Our results showed that 310 nm UVB irradiation also induced the production of ROS such as nitric oxide and hydrogen peroxide from oral epithelial cells. Periodontopathic bacteria such as P. gingivalis are anaerobic bacteria and are sensitive to ROS [28, 29]. On the other hand, other oral resident bacteria such as streptococcci are tolerant to ROS [30, 31]. Therefore, ROS induced by irradiation with a UVB-LED may selectively kill periodontopathic bacteria and might cause a change in oral bacterial flora from periodontopathic to non-periodontopathic. Indeed, P. gingivalis was killed by the addition of small amounts of nitric oxide and hydrogen peroxide in vitro. On the other hand, Streptococcus sanguinis were not sensitive to those amounts of ROS. Our results also showed that S. mutans was sensitive to hydrogen peroxide. Recently, it has been shown that members of the genus Streptococcus strain such as S. sanguinis have the ability to produce H2O2 and inhibit growth of S. mutans [32]. Our results follow the relationship between S. sanguinis and S. mutans [3133].

Our results also showed that F. nucleatum, another periodontopathic bacteria, has no sensitivity to ROS. F. nucleatum is sensitive to ROS but has the ability to adapt to ROS and several oral environments [34], and the viability of F. nucleatum may therefore not be decreased by irradiation with a UVB-LED.

In this study, we found that UVB irradiation induces the production of nitric oxide and the expression of iNOS in oral epithelium cells. We also found that P. gingivalis has strong sensitivity to nitric oxide. It has recently been revealed that nitric oxide has a role in disinfection by breaking down Rieske proteins, which have a critical function for bacteria [35]. A Rieske protein has a bond of iron and sulfur in its molecular structure. When the bond is broken by nitric oxide, the protein loses its function, finally bacteria can not use its protein [35]. P. gingivalis produces gingipain, a cysteine protease that is critical for growth of the bacteria. The protease has sulfur bonds in its structure, and the activity of gingipain may be lost by the action of nitric oxide in the same manner as that of Rieske protein, and P. gingivalis may therefore exhibit strong sensitivity to nitric oxide. On the other hand, previous study showed that P. gingivalis has resistance to excess nitric oxide [36]. Further experiments are needed to understand the killing mechanism.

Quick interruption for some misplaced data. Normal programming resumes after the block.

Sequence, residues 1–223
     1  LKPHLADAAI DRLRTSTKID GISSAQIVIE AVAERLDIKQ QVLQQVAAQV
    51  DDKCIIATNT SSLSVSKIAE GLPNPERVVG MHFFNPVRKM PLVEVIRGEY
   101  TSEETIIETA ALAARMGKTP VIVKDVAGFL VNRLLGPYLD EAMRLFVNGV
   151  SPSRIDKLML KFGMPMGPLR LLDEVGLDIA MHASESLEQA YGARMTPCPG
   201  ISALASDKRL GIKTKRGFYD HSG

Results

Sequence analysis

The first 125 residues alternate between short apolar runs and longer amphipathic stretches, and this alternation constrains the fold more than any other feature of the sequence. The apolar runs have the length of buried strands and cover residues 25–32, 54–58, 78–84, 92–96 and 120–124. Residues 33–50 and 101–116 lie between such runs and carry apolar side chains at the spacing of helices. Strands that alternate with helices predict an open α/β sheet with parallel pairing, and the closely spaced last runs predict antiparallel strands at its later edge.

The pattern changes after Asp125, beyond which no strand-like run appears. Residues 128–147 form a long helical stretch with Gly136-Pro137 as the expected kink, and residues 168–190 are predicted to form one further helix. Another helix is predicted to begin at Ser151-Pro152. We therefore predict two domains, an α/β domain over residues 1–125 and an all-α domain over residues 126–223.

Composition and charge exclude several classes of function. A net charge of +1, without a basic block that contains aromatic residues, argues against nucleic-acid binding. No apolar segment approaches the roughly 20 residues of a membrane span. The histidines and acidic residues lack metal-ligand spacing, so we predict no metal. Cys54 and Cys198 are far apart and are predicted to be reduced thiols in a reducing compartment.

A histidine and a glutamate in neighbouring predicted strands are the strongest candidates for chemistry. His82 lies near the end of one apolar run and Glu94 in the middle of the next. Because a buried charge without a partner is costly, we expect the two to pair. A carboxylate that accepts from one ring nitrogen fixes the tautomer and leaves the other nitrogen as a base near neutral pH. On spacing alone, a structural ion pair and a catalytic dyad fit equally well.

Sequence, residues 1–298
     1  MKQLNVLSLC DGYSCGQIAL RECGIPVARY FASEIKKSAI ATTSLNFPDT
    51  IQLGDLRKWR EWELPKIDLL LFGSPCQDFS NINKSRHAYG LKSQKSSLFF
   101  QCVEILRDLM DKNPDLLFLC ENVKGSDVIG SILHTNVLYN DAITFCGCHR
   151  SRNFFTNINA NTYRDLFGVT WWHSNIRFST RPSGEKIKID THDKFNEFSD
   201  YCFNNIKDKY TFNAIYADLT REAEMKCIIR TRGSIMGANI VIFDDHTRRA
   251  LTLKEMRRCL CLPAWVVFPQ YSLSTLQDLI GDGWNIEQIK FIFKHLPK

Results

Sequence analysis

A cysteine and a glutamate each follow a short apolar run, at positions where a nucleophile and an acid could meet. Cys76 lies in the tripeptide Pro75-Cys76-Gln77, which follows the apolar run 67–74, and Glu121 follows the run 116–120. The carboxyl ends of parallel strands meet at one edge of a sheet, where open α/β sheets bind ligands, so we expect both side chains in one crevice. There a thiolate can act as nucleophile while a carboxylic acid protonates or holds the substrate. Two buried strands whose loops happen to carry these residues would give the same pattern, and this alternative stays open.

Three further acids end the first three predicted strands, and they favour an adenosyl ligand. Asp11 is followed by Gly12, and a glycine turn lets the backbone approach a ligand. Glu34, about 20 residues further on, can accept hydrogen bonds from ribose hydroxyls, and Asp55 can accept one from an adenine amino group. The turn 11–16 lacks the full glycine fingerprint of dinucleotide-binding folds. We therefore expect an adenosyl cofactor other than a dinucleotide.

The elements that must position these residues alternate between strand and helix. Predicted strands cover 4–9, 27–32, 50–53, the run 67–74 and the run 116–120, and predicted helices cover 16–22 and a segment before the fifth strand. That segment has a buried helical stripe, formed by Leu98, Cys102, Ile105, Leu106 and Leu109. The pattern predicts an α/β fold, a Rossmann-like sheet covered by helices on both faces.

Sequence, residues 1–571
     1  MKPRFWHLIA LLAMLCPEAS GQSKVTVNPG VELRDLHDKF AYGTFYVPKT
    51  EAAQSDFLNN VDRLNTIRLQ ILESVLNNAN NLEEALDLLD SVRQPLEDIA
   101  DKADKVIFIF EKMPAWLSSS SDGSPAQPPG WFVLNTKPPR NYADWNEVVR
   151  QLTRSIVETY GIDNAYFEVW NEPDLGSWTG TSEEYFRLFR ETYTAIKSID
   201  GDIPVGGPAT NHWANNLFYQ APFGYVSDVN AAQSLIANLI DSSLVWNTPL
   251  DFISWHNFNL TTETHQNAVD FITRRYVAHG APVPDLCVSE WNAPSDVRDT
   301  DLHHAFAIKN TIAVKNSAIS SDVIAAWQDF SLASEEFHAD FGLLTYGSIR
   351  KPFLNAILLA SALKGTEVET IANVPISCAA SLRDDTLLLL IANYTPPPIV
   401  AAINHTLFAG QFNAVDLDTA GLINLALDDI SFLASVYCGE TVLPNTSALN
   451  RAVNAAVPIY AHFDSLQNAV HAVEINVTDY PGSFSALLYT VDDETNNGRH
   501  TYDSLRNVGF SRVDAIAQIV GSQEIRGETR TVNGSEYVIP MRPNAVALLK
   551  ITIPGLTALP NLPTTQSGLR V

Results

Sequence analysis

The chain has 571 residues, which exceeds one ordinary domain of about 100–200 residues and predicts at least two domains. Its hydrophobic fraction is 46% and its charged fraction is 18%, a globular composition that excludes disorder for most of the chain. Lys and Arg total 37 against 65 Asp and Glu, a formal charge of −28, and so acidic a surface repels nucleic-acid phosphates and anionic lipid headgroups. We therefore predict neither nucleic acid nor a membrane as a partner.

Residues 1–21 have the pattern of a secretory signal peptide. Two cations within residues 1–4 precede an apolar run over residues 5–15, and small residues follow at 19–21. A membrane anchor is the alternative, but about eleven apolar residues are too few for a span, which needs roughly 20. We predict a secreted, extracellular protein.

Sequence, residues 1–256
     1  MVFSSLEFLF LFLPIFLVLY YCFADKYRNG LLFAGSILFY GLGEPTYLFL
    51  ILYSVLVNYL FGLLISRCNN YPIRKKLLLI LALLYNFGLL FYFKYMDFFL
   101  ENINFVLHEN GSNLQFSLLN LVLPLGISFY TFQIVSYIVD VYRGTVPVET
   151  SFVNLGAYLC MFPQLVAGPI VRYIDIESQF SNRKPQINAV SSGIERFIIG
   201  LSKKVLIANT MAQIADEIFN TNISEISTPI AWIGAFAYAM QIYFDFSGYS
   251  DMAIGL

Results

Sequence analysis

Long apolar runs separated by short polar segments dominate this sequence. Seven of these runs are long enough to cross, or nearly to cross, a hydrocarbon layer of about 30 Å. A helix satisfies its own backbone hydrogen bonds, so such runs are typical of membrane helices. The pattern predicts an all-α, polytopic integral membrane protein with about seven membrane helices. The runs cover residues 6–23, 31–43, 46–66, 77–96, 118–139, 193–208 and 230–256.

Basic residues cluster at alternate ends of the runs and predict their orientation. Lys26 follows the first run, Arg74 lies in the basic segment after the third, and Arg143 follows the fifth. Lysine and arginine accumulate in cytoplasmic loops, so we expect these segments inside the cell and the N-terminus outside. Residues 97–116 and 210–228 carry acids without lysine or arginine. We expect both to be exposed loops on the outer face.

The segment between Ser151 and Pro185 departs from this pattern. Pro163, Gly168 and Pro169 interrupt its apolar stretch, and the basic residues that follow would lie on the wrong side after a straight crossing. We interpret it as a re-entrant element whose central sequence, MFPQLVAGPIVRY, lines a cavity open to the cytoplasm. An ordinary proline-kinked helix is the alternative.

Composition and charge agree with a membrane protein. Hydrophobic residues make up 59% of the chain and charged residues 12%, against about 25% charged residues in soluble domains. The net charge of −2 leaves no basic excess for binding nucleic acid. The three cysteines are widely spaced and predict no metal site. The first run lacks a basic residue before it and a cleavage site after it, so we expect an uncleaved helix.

It has been shown that 310 nm UVB irradiation induces an immunosuppressive reaction in the skin [37]. UVB irradiation causes an increase in IL-10 production and decreases in the number of Th1 cells and increases in the number of Th2 cells [38, 39]. Excess immune reaction is associated with the pathogenesis of chronic periodontitis and relationships among these cytokines, T cells, and periodontitis have been reported [8, 40]. Thus, the immunosuppressive reaction induced by UVB irradiation may be effective for improving chronic periodontitis.

UVB irradiation converts vitamin D from its inactive form to active form in the epithelium [41, 42]. The amount of 1α-hydroxylase, an enzyme that converts vitamin D to its active form, is increased by UVB irradiation in the skin [43]. Furthermore, UVB irradiation induces up-regulation of the expression of vitamin D receptor in the skin [43]. Vitamin D regulates calcium homeostasis and controls bone cell differentiation in alveolar bone. The expression of antimicrobial peptide (AMP) is also increased by UVB irradiation [43, 44]. These findings suggest that UVB light -induced reactions might occur in the oral epithelium and might increase osteogenesis and anti-microbial activities in periodontal tissues.